Archives and Special Collections at the University of Minnesota

Today, I had the chance of a very short tour of Archives and Special Collections that are managed, in part, by the University of Minnesota’s Libraries. Housed under the Elmer L. Andersen Library, a set of football-field-lengthclimate controlled caverns house the materials for the Charles Babbage Institute, YMCA Archives, and one of the largest Sherlock Holmes collections, among many others.  While wandering around with the small group, I took a few pictures.

Cold Weather, The Coop and Heat Transfer


_DSC6863-2A few weeks ago, we bought a new waterer for the coop.  There was nothing wrong with the current waterer other than being an energy hog.  Throughout December, we struggled with keeping the coop’s battery charged enough power the waterer.  The waterer’s 100 watt heating element was just too much. Think of it like this: the waterer’s draw (outflow) on the battery is greater than the solar panel’s ability to recharge (inflow) the battery.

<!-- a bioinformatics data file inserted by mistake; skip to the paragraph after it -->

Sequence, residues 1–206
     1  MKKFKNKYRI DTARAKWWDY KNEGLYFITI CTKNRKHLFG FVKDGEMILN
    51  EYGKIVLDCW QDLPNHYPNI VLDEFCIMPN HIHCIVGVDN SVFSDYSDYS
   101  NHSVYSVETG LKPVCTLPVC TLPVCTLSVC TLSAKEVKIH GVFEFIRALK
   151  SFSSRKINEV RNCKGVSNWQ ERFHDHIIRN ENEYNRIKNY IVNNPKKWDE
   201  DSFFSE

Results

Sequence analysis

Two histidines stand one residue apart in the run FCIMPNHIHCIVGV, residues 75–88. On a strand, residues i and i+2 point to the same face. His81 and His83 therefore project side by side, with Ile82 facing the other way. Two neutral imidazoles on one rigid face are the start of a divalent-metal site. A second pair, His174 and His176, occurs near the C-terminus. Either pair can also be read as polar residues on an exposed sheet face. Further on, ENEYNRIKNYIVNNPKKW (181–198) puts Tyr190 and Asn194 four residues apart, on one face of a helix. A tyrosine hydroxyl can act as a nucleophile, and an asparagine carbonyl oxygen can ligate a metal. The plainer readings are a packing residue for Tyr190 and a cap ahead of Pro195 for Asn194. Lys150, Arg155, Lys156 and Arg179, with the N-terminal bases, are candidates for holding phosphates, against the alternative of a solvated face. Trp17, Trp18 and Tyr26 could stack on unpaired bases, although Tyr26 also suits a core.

\(Outflow > Inflow\)

_DSC6854-2The new waterer, branded as Cozy Hen Waterer, is from Neora Inventors, LLC. From a cost perspective, it was expensive.  Around $70 for the waterer, a hanging chain, and a heater.  The waterer consists of two buckets – one ¾ gallon bucket nested within a larger pail. Inside the larger pail, there is a layer of thin insulation.  The outer pail is only used as a convenient way to capsulate the inner pail in insulation.  The water, contained in the inner pail, is able to get out to the chickens byway of a chicken nipple (pictured to the right).  The other interesting bit of engineering is the encasement of the chicken nipple in an aluminum pipe.  The pipe extends into the water pail by several inches.  This is subsequently encased in a bit of insulation with an outer shell made of a PVC plumbing part.  Finally, inside the water pail, there is a 15 watt aquarium heater.  It will keep the water at around 77°F.